Despite this, the anti-gun lobby and the media seem determined to use the term inaccurately to villainize, and even advocate for the ban of, many guns that fall under the umbrella of modern sporting arms. Lately, they’ve started to use the term “assault weapon” to push for banning handguns under the same umbrella.

The features that mark what makes something an “assault weapon” change from law to law, state to state, and include such entirely harmless things as pistol grips, muzzle brakes, and folding stocks.

Why are AR-15s so Popular?

The M-16 was made famous by the Vietnam War, so much so that it’s difficult to imagine the U.S. experience in that conflict without also picturing a GI in a green uniform, with a steel-pot helmet, and a black M-16. When Colt’s patent expired in the 1970’s other manufacturers started producing their own versions of the rifle, mostly as some variant of the AR-15, for civilian sale.

The strong connection to U.S. service in Vietnam, the futuristic styling, low recoil, modularity, and ergonomic design led to popularity in every major sector of U.S. gun ownership. The lower receiver of the gun (the “frame” of the AR, which is the lower half that retains the magazine, the grip, and the trigger) is the only part legally considered a firearm by law, so you can buy one lower, and have a dozen or more uppers (the top half, containing the chamber, barrel, and charging handle) of different lengths, calibers, and purposes that you can swap out with the push of two pins, and 10-20 seconds.

Such features, and the enormous variety of aftermarket parts available to customize the platform, have helped make the AR-15 one of the most popular rifles available today, and estimates range between 8-20 million of them legally owned in the U.S. today.

AR-15s can also be (comparatively) affordable. AR-15s generally start at a couple hundred dollars, although quality, options, caliber, modifications, and whether the item is new or used can quickly shift the item’s value.

Will AR-15s Be Banned?

There’s a constant, low-level effort to villainize these popular guns, so it remains a continuing concern. That said, as first-time gun ownership has recently exploded in numbers, so has the sale of this lightweight, ergonomic, and easy-to-use platform. More owners mean more people who aren’t scared by the hype surrounding these firearms, and fewer people who will support a ban. Gun control might seem to have slipped as a legislative priority, but people should still be aware of efforts to ban such items.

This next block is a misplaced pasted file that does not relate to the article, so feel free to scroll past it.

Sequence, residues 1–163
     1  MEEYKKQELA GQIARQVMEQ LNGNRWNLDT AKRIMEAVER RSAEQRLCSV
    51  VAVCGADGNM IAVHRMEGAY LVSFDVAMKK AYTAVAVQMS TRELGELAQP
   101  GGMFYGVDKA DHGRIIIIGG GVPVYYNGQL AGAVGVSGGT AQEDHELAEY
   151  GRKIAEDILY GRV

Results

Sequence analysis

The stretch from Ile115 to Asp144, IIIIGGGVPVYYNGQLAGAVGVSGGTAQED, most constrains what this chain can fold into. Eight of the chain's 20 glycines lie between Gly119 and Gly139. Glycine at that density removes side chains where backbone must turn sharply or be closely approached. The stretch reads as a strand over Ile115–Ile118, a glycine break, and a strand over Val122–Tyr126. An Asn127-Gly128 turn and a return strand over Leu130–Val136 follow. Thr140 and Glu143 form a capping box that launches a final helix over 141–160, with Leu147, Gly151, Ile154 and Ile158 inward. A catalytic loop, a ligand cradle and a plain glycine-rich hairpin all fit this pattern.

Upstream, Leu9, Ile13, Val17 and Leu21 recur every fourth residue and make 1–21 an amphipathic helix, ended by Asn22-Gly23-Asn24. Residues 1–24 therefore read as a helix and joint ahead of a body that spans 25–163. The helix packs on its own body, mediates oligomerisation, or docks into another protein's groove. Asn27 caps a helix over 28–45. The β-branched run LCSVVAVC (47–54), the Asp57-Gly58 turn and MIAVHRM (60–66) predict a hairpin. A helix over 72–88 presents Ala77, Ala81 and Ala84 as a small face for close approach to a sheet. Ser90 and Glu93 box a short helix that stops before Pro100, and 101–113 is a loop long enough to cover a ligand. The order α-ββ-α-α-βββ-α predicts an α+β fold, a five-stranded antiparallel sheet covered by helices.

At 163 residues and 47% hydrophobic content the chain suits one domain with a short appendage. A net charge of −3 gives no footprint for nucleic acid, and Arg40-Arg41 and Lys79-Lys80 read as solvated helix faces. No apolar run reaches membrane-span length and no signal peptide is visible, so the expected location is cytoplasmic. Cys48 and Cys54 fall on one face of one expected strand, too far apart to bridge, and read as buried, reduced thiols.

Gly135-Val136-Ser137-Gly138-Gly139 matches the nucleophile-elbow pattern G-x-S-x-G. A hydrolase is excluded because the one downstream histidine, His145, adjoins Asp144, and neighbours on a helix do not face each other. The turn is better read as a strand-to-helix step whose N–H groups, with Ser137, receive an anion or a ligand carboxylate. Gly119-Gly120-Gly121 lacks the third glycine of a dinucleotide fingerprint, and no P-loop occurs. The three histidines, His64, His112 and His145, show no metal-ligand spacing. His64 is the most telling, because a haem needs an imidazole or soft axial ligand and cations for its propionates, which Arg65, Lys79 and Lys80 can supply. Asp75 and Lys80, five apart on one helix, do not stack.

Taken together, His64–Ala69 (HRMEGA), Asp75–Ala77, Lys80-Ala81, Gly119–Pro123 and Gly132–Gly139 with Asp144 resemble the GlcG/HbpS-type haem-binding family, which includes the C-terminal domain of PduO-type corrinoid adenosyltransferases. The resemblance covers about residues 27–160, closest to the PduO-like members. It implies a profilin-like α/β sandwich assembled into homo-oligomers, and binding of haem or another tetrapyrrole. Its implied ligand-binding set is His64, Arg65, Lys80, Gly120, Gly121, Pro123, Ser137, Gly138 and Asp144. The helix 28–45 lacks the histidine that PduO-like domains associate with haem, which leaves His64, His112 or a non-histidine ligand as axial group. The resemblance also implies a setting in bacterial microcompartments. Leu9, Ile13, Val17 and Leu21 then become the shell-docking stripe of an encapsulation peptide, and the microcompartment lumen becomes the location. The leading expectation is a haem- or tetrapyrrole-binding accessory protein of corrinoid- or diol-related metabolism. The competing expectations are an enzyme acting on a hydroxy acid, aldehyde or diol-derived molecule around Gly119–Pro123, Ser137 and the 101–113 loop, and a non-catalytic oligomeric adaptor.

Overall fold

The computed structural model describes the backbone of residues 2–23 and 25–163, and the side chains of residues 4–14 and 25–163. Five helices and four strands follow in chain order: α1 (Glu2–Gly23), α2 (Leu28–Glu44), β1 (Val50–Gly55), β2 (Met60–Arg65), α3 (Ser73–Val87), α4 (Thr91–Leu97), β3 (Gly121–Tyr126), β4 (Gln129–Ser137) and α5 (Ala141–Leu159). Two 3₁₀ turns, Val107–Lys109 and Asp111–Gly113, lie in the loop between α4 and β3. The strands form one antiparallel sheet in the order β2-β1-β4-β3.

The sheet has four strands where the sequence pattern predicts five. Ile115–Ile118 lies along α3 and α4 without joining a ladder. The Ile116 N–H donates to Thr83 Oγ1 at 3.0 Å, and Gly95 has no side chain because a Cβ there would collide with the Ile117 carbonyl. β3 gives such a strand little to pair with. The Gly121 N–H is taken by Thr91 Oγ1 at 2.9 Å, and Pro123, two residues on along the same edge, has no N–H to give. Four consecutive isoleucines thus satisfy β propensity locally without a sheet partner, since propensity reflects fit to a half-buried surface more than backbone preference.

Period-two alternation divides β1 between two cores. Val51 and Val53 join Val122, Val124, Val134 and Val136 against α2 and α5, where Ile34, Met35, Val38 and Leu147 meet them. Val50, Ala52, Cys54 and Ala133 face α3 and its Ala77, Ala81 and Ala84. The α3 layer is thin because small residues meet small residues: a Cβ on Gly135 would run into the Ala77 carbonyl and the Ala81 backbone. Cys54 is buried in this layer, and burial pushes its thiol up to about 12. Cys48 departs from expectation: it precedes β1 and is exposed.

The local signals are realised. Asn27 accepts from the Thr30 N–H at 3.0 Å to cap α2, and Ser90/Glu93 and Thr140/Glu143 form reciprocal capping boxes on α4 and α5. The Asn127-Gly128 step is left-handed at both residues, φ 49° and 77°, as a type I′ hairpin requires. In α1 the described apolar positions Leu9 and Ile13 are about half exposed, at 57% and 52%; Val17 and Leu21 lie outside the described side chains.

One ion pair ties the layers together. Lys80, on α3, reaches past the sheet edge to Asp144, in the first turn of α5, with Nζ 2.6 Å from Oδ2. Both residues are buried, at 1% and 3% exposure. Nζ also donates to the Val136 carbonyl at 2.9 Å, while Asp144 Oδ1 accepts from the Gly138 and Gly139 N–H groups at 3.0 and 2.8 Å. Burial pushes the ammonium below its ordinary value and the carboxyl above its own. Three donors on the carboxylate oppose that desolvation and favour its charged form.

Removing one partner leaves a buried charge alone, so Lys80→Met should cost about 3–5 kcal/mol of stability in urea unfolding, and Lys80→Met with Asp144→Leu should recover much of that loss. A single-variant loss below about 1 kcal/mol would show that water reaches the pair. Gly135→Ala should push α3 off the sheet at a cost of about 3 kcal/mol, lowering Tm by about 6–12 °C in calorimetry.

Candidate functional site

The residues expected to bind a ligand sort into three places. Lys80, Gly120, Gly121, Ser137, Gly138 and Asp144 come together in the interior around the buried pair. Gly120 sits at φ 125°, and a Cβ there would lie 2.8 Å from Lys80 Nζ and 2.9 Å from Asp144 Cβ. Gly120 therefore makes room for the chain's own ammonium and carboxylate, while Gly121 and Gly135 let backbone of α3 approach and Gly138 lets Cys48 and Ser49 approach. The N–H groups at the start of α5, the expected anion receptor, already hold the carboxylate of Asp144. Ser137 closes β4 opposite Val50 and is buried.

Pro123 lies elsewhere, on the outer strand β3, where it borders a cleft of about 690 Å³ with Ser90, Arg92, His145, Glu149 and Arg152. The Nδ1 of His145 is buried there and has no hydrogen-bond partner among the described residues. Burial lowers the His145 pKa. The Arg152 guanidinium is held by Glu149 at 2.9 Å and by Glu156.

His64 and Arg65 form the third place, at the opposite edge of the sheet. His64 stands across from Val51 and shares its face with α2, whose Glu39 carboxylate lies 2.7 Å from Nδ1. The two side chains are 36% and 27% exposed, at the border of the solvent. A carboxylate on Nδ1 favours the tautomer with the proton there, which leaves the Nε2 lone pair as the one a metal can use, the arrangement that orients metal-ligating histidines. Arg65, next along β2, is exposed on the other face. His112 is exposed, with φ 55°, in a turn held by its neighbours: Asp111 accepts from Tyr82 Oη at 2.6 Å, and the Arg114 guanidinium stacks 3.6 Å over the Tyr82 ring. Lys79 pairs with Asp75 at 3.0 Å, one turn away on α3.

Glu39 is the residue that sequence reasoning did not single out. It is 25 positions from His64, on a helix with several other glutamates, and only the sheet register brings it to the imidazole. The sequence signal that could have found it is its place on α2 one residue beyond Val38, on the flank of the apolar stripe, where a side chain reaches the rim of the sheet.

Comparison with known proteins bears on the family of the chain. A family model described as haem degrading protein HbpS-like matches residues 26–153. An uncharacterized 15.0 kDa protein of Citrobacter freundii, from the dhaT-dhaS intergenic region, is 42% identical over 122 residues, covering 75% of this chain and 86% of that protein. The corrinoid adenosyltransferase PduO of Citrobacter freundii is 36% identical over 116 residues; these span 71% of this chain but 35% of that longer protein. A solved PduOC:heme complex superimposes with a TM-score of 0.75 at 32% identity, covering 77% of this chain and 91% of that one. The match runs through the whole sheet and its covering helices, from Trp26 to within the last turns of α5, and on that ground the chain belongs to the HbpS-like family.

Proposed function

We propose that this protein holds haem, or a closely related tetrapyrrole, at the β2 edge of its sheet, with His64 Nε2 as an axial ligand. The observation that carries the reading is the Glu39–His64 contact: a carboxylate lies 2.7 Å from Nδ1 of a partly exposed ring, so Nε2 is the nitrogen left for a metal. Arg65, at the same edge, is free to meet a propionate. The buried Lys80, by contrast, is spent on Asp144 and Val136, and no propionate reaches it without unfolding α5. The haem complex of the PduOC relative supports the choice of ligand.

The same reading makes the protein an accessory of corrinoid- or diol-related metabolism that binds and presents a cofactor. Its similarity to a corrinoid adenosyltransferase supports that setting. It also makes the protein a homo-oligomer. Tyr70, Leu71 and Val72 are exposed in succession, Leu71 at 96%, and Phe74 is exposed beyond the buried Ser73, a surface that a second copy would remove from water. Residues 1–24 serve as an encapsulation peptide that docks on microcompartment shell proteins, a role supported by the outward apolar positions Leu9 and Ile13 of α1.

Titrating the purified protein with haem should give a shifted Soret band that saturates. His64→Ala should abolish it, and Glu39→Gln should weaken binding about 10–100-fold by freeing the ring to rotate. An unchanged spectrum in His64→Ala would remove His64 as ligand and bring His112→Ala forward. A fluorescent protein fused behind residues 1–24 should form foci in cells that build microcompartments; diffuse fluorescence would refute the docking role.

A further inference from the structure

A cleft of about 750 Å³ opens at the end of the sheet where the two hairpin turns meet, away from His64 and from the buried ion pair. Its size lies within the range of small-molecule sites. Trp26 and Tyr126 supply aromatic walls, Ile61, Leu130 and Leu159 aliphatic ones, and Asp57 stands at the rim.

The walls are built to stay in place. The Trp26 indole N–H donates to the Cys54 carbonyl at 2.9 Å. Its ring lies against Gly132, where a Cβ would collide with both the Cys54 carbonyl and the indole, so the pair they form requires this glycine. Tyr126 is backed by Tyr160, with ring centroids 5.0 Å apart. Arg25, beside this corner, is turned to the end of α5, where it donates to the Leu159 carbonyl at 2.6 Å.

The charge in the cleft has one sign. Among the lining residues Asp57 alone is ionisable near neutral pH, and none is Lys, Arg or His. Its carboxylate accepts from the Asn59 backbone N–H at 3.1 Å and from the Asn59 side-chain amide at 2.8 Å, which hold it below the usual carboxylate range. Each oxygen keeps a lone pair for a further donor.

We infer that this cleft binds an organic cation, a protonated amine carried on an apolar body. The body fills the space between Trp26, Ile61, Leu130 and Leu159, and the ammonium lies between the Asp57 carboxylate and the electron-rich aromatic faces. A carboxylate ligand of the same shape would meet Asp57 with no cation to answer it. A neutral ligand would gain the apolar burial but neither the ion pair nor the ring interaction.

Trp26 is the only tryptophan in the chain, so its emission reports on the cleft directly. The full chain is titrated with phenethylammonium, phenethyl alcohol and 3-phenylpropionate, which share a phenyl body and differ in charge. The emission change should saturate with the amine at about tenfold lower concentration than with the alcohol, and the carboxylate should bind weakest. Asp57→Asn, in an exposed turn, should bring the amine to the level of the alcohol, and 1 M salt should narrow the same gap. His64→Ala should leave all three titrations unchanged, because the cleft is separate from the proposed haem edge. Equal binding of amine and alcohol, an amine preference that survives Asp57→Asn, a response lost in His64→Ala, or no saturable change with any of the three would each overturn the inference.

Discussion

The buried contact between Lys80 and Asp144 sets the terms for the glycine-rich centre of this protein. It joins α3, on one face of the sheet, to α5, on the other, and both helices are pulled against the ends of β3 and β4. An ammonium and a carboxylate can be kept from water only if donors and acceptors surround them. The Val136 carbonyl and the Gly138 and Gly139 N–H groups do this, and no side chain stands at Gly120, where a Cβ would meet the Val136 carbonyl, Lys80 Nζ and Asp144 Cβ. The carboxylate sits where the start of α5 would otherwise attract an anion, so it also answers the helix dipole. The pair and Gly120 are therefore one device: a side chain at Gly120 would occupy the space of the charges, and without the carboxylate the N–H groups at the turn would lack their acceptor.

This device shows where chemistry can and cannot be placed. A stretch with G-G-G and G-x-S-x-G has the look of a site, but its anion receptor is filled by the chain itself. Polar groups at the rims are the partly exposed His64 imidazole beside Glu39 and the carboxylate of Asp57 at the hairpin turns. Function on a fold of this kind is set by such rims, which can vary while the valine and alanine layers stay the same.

While the Second Amendment is never safe from those who oppose it, it’s reasonable to suggest that a ban is not currently in the works.

What’s an AR-15 Good For?

An AR-15 is good for just about anything you could do with a long gun, short of easily taking down big-game animals. Some areas even limit hunting with .223/5.56 because the projectile is relatively small. But if you’re looking for small to medium game, or varmint hunting, long-range sport or recreational shooting, competition events, or simply collecting interesting firearms, the AR-15 has a variant in a caliber that can do it. From .22LR to .50 Beowulf, and from pistol-sized to sniper rifle length, the ArmaLite Rifle series of guns is a multi-purpose jack-of-all-trades, which can do most things, and fit most budgets.


Your Protection Starts Here!

Become a part of the nation’s best Legal Defense for Self Defense® Program and get armed, educated, and prepared today. 


The information provided in this publication is intended to provide general information to individuals and is not legal advice. The information included in this publication may not be quoted or referred to in any other publication without the prior written consent of U.S. LawShield, to be given or withheld at our discretion. The information is not a substitute for, and does not replace the advice or representation of a licensed attorney. We strive to ensure the information included in this publication is accurate and current, however, no claim is made to the accuracy of the information and we are not responsible for any consequences that may result from the use of information in this publication. The use of this publication does not create an attorney-client relationship between U.S. LawShield, any independent program attorney, and any individual.